“I know half the money I spend on advertising is wasted, but I can never find out which half.” -John Wanamaker
Exactly thirty-seven seconds after an entrepreneur opens a business, solicitations from those representing fuzzy business disciplines—SEO (search engine optimization), social media marketing, online brand consulting, and the like—all of whom attach guru or maven after the discipline name—start rolling in. For every single reputable company that can and will raise your visibility to potential customers, there are fifty companies that will sell you digital-marketing snake oil. There is no such thing as a “surefire” online marketing campaign or “special mojo” that will rocket your company’s website to the top of a search engine’s category results. In coaching my business clients, I tell them that there is no such thing as a bad marketing medium, as long as it puts you in front of your target audience and it generates a measurable return on your investment (ROI).
Irreputable companies bank on the difficulties in results-tracking to sell you their services—hence the reference to “fuzzy” business disciplines. Marketing, in any form, is a necessary part of your business’s success, but how do you separate the wheat from the chaff? One might think of marketing in terms of a baseball player’s at-bat statistics. Even the Babe Ruths of the marketing world are going to strike out occasionally, but their overall percentage of hits is the metric that matters.
When approached by any marketing company, ask how they will measure success. Inquire about the ROI for purchasing their services. Marketing is an investment of capital, and you expect a return above what you invest. Should a marketing service either not understand the concept of ROI or not be able to give you an idea of what results their previous clients realized with their services—walk away. The success of your business is not measured by an increase of hits, followers, or likes. You’re in business to make money. If a marketer doesn’t know how to translate those hits, followers, or likes into dollar signs … find someone who can. Trust me; they’re out there.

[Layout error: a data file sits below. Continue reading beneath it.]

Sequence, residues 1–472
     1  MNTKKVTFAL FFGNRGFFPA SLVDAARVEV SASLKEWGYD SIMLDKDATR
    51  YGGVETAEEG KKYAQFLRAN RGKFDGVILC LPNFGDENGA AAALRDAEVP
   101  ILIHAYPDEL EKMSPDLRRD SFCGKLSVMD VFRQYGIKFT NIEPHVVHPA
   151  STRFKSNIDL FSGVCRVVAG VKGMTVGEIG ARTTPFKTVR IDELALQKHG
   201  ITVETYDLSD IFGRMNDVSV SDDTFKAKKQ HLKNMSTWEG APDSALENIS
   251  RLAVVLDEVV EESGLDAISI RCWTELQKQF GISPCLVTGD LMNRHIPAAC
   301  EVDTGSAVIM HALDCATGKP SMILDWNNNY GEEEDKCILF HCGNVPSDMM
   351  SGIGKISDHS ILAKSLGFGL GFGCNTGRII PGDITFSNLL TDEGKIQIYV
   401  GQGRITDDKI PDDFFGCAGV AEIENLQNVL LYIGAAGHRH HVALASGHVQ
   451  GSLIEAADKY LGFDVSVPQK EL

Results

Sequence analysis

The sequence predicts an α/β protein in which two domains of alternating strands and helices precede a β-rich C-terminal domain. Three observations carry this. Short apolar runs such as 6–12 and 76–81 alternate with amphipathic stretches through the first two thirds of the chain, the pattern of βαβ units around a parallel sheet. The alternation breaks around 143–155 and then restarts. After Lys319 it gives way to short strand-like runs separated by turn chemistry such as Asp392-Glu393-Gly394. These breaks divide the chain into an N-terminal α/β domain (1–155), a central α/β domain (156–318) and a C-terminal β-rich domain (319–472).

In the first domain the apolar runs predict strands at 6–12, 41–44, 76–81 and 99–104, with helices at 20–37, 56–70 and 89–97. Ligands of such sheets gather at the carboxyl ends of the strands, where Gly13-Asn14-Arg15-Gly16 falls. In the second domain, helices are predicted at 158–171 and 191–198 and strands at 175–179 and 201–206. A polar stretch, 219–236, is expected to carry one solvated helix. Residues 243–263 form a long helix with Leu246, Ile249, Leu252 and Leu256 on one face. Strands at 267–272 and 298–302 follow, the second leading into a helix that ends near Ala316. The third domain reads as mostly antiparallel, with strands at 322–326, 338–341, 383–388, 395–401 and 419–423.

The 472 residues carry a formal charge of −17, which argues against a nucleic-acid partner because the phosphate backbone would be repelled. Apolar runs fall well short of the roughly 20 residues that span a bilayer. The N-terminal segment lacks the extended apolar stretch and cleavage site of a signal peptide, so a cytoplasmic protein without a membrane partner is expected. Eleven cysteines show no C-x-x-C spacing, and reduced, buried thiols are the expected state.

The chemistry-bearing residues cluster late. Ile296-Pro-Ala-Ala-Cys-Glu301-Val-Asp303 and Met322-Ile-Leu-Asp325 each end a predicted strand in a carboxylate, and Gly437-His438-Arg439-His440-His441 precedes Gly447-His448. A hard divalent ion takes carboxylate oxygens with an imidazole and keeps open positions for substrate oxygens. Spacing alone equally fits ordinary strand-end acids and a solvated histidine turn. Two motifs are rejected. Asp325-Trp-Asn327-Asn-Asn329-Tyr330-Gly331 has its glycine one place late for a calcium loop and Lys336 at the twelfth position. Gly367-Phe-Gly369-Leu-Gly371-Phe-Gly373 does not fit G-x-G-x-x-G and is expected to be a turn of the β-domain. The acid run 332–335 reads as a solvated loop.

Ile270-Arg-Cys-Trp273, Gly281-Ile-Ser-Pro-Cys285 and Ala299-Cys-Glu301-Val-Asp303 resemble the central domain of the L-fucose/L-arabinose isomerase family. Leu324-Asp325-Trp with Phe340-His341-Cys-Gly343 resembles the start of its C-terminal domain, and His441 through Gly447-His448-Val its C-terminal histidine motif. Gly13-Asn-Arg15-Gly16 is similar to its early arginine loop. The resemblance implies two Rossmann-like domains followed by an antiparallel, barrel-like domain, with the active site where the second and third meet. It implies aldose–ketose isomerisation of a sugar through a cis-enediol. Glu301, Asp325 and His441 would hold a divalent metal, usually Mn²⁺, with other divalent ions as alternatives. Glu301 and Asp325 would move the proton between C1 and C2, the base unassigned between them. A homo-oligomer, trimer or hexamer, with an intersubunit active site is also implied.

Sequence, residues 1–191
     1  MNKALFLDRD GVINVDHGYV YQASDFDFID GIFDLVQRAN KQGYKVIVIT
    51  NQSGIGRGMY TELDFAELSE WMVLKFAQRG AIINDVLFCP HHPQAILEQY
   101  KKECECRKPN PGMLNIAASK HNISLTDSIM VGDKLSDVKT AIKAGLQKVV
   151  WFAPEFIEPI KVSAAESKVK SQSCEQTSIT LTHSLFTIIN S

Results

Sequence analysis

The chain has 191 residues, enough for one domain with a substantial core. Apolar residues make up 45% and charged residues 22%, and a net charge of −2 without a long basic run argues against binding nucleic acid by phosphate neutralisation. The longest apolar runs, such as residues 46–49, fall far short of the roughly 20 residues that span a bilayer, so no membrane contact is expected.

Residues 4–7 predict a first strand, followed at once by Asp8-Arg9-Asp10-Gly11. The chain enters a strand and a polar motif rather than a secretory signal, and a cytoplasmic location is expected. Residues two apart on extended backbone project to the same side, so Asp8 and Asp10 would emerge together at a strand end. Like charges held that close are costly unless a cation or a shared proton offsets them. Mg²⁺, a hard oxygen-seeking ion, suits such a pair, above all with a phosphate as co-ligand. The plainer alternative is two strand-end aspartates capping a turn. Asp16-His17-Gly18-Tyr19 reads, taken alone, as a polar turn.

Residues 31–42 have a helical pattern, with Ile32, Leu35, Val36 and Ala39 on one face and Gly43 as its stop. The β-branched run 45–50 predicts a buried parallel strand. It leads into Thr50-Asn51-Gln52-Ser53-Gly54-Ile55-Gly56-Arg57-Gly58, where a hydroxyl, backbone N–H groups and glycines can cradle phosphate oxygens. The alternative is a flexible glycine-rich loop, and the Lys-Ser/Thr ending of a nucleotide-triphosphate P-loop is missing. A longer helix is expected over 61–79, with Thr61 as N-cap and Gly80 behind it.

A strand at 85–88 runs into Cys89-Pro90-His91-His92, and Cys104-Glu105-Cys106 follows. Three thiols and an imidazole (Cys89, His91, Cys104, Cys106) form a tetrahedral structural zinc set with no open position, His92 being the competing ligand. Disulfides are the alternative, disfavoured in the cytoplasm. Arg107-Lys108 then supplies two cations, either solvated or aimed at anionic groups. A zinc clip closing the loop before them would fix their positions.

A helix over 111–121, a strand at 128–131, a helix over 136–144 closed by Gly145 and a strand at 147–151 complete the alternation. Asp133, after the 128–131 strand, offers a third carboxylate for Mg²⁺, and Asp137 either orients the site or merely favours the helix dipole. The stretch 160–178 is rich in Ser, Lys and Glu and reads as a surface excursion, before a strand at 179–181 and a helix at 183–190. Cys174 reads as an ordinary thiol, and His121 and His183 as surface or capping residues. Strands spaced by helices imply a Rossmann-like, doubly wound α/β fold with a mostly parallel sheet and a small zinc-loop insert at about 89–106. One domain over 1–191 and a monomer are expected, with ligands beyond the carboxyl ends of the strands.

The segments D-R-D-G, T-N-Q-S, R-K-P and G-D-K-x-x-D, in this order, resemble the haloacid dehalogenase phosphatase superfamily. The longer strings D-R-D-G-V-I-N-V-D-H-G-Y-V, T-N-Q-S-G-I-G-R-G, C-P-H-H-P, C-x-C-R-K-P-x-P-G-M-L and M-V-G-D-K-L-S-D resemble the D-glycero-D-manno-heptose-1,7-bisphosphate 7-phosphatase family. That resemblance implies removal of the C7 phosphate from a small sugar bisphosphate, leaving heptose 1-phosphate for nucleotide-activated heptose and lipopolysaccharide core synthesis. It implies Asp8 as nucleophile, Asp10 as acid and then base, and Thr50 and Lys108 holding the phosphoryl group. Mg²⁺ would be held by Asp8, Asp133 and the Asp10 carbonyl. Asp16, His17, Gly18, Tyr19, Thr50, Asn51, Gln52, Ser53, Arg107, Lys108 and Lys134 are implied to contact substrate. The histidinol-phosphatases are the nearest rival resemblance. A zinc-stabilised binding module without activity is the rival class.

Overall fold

In the Market for Some Snake Oil?: Accelerators
- Take a quick inventory of your marketing spending. How much do you presently spend, and in what categories do you spend it (print advertising, SEO, digital ads, pay-per-click, etc.)?
- Now identify the actual measurable marketing spending. How much money do you spend on marketing activities for which you know the return on those investments?
- Examine those other dollars (where you don’t know the return) and consider how you might better spend them to get a measurable return.
Dr. Jeff D. Standridge is the best-selling author of “The Innovator’s Field Guide” and “The Top Performer’s Field Guide.” He serves as Managing Director for the Conductor, and teaches in the College of Business at the University of Central Arkansas. Jeff spends the vast majority of his time helping organizations and their leaders generate sustained results in the areas of innovation, strategy, profit growth, organizational effectiveness and leadership. Learn more at JeffStandridge.com.